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Live review

'68 @thejoshscogin

The Cricketers, Kingston

added: 8 Aug 2014 // gig date: 1 Aug 2014
reviewer: Steffie Beaven

'68 - The Cricketers, Kingston - Printable version
'68 could possibly be the most exciting thing to happen to metalcore for a very long time.

The Chariot frontman, Norma Jean initiator, seminal guitar and vocalist Josh Scogin heads up this yearling Duo (duo, not band, for tax reasons, they tell us) and is joined by the seriously impressive drummer Michael McClellan.

Venue wise was a regression perhaps for Scogin, with the tiny dive room at The Cricketers in the outback of Kingston, London. But what might lacking in decor was made up for in curiosity from those in attendance, to get a peek at what he’s been up to and what he’s going to bring them next.

Stage is a no go. For a miniscule venue they flout this in favour of playing pretty much in the crowd. They humbly step up and unleash what can only be described as persistent energy.
It’s not as hard as you’d expect from those who bought you the heavy belligerent timbre of The Chariot, only nodding to post-hardcore. Both guitar and drums are naive and bare.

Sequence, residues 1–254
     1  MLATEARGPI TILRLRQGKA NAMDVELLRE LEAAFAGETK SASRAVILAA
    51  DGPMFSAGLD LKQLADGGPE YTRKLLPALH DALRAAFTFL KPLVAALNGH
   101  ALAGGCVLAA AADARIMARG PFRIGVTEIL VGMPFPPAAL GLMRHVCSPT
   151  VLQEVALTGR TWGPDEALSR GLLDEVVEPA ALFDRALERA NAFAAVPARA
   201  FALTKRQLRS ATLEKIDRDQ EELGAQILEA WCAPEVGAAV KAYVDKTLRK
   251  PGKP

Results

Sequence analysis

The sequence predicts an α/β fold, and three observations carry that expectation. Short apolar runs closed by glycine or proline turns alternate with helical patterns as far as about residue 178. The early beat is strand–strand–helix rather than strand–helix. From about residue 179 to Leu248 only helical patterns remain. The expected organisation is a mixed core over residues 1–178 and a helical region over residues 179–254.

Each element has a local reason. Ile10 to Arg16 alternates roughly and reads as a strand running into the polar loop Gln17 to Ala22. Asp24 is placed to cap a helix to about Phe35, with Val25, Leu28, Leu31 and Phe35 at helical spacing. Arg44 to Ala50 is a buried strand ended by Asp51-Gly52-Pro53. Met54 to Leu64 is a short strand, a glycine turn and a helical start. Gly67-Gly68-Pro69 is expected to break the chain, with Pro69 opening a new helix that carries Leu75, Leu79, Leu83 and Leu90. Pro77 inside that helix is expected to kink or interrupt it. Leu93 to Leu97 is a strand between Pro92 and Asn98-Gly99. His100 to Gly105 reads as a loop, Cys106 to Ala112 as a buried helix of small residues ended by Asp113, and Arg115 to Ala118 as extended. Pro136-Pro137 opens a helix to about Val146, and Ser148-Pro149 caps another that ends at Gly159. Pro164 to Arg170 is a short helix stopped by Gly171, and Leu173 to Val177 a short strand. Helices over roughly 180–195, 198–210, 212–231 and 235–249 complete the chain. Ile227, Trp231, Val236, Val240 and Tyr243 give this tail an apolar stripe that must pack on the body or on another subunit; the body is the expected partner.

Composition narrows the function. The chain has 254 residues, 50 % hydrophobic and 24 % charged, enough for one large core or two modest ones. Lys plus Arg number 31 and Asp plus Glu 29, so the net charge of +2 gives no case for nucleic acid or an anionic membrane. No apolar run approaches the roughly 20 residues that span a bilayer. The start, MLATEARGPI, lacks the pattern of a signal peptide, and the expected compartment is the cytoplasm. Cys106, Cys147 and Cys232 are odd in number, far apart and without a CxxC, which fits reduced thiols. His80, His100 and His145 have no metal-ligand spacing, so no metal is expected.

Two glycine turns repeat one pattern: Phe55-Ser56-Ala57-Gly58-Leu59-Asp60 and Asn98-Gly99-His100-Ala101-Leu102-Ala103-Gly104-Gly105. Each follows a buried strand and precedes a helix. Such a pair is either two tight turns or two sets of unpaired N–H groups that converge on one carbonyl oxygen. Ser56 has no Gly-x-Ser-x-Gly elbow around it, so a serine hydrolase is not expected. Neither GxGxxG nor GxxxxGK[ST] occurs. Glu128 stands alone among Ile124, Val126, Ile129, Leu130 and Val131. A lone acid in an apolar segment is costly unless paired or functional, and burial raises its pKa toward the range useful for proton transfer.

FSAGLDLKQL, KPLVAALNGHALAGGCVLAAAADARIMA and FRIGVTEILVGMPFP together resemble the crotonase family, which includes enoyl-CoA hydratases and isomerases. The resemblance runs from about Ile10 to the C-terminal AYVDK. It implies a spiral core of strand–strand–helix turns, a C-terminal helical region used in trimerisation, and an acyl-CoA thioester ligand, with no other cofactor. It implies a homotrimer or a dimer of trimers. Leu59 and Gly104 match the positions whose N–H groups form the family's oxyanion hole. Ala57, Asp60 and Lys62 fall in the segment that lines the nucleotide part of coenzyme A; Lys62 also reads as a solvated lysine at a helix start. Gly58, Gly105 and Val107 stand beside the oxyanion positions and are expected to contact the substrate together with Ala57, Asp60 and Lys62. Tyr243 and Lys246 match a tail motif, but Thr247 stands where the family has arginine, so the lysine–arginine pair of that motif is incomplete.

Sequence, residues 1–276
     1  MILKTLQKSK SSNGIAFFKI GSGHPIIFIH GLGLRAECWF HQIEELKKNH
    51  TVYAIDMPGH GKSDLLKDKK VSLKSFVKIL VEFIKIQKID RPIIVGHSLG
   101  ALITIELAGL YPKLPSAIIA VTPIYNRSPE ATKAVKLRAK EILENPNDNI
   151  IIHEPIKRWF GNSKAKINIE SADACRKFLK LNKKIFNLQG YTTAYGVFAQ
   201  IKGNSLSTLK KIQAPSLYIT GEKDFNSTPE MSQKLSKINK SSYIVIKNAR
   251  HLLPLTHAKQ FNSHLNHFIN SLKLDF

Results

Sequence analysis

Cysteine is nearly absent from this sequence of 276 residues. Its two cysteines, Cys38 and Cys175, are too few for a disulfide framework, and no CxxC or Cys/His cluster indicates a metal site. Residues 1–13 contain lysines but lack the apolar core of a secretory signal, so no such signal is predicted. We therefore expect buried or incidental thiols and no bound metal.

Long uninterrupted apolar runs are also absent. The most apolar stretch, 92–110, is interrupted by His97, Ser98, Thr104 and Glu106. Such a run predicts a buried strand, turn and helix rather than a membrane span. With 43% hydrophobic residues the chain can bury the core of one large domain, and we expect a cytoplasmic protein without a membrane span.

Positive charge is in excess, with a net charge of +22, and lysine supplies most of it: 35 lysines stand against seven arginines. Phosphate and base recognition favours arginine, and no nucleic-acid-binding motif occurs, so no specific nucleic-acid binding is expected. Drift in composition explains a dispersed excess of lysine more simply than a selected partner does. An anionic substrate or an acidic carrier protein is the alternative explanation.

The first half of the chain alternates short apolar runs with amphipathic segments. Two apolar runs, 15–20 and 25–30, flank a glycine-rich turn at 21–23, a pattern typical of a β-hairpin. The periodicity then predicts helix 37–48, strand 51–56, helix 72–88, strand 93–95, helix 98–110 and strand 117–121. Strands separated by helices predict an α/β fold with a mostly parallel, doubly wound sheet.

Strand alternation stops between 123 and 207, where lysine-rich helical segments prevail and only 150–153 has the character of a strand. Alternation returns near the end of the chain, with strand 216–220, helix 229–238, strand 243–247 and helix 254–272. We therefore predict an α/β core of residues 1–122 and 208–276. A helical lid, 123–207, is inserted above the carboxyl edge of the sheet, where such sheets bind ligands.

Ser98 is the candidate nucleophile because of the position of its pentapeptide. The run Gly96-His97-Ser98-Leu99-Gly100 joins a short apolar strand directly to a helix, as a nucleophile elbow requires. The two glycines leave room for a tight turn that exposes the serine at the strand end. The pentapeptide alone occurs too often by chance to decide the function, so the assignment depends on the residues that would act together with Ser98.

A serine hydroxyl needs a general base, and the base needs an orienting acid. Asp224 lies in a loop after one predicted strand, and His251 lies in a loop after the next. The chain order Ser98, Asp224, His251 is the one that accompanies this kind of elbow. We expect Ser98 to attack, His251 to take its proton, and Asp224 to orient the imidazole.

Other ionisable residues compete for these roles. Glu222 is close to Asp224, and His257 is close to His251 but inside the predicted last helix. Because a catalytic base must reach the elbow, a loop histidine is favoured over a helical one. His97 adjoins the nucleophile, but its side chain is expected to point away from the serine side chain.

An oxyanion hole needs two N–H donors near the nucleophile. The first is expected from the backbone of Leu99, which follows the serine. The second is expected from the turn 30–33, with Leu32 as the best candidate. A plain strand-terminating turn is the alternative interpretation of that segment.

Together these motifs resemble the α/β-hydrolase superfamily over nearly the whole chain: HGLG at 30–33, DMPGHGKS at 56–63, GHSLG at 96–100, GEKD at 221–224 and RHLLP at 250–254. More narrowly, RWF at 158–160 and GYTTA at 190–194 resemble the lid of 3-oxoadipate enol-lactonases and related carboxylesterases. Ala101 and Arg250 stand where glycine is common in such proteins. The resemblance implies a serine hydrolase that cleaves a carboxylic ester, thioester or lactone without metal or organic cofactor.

Think if Jack White wanted to give Metal a crack, this is what it would sound like, or maybe like Black keys with an ominous back bone. Or maybe like The Kills if they’d have happened 10 years later. Perhaps they’re just a completely new concept in the Metal scene that we can’t put our finger on.

It’s progressive and hums that charming southern drawl. There’s impressive use of phase samplers of the calibre that you’d expect from Scogin, but it results in a sound way too luxury and rich for just a duo to produce.
They’re both charming and enthralling, with Scogin playing with his back half turned on the crowd. Clambering over McClellan’s drum kit and mounting the amps at the sets climax. They segue effortlessly into a Nirvana cover of Tourette's and the crowd is enthralled.

From such a young band you’d expect the set list to be minimal, but we’re all just left wanting more and more.

One thing’s for certain, ’68 are on a trajectory for great things.

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4 stars

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